Hardly a minute ever goes by without each and every one of us making some type of decision. It can be something as small as “should I say ‘may I’ or ‘can I’”, or something as big as how to plan for retirement. You have to choose between instant gratification and long-term commitment all the time. Whether you want to do what you know to be right or what you know to be wrong.
For it to play such a huge part in our lives it was only a matter of time before scientists started doing actual studies on how we make decisions. One of the most famous studies on decision making was in the 1670s, Pascal’s Wager. The entire basis of the wager is deciding whether or not to believe if God exists. Pascal reasoned this way, “If God exists, belief in Him will mean eternal salvation. If He doesn’t exist one loses nothing by believing.” The choice seems obvious; you may as well believe in God.
We now call what he explained, the theory of Expected Value. It states that “when faced with a choice between uncertain alternatives, you should determine the positive or negative values of every possible outcome, alone with each outcome’s probability, and then you should multiply the two and choose the option that produces the highest number.”
Real Life choices
It sounds super simple, perfect ! SIKE. In real life decisions are rarely ever clearcut and dry. Despite how rational the person making the decision is, we are all human. So later on in the 1730s a guy came along with a different but similar theory called Expected Utility. To sum it up it was everything the previous theory entailed. He also factored in “aversion to risk and the utility of a given payoff depending on his or her preferences.” It stressed the fact that value was super subjective. For example, a free box of pizza would have greater utility and therefore inherent value for a pizza enthusiast than for someone who hates pizza.
Again though, as we eluded to, real world problems are often complicated. Really, really complicated. There are often hundreds of variables included when making a decision. We usually don’t have time to fully process them all and visualize every outcome. So instead our brain just takes shortcuts! We name these shortcuts heuristics.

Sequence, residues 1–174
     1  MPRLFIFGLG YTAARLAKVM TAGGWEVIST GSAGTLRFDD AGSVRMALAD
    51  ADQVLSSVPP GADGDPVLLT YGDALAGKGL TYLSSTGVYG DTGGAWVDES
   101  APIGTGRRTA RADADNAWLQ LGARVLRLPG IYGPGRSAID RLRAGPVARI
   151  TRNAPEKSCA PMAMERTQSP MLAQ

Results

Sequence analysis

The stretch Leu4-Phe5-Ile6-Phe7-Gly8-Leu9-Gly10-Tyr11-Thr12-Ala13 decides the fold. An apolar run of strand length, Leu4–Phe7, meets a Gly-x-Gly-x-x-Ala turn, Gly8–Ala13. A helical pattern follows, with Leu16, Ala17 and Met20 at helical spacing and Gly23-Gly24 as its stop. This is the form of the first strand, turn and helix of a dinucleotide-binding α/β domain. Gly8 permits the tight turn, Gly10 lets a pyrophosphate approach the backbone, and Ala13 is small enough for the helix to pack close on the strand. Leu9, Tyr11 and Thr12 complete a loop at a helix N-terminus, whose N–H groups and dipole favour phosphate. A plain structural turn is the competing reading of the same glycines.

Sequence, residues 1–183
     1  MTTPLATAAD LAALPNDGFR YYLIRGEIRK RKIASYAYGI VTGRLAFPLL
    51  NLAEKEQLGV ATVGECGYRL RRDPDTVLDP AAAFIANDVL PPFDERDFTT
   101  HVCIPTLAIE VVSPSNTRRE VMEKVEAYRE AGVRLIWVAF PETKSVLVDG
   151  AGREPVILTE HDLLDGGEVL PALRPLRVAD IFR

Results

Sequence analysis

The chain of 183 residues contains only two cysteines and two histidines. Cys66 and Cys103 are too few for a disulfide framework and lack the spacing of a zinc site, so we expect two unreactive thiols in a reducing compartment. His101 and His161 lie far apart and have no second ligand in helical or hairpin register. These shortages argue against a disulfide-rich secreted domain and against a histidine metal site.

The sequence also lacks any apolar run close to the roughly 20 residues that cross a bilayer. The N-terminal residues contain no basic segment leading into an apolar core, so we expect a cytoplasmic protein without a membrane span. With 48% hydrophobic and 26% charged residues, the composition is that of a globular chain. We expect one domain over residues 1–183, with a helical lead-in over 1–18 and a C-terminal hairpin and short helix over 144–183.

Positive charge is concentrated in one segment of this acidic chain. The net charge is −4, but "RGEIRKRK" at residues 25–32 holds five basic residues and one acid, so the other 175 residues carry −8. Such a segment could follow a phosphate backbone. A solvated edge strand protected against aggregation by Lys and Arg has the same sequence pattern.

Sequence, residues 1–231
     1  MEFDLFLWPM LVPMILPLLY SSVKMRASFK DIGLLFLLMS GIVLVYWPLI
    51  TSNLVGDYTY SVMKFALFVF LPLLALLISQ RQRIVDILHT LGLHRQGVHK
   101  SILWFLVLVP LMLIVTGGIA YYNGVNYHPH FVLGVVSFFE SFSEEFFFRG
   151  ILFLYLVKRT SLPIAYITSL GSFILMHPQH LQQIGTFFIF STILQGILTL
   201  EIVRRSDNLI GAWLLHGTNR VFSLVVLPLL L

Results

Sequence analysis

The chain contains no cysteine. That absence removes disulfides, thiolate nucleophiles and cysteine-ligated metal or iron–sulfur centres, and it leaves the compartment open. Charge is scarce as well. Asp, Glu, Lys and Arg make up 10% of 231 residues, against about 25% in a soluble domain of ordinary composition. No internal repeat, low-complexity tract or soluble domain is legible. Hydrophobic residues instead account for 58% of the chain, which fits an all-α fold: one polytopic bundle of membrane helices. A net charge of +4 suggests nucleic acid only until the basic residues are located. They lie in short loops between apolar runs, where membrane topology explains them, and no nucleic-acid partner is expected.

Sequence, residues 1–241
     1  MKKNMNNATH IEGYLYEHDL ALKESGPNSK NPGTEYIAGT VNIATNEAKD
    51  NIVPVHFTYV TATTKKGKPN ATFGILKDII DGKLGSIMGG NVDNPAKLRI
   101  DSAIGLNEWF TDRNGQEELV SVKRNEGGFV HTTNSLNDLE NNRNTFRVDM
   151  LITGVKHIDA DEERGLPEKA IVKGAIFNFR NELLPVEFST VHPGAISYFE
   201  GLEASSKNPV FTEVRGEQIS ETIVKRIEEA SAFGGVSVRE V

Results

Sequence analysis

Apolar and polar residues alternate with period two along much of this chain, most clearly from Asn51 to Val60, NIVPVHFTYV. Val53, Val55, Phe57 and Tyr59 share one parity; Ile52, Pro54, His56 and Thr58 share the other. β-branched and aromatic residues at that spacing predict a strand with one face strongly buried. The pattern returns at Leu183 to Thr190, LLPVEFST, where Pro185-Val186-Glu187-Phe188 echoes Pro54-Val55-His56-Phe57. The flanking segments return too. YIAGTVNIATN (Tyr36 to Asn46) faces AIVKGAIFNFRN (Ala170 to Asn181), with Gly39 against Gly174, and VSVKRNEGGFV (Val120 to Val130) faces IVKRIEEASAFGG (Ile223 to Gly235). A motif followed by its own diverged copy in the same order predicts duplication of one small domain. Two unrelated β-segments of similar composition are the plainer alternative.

One heuristic we use often is referred to as representativeness. This is our natural tendency to ignore statistics and other hard data and just go with stereotypes. Yikes. You can imagine all the reasons that can be a horrible idea, right ?
Another one that we use equally as often is anchoring. This is peoples tendency to base all subsequent like items based off the first of its kind that you see. For example, if someone offers you a Mortar Hawk for $300 but they tell you it’s usually $1000 and you have no idea what that even is, an anchor has now been created whether you even believe the person or not. If you’re skeptical you mat try to average the prices when you come across it again but either way, it will forever be your reference.
The last heuristic we’re going to go over is the affect heuristic. This is people’s tendency to assess situations based off how they feel towards the options available. If you have better feelings towards one option you’re going to judge it as less risky whether it really is or not.
Make better decisions
So how can we use our new found knowledge to make better decisions or to appeal to the way that others make decisions ? One of the best ways is to appeal to our natural laziness. Make the best option of things the default option. Whenever there is a default available most people accept because it requires almost no energy and because many people do assume that the default is the best.
We will cover other ways in a future blog ! Subscribe now.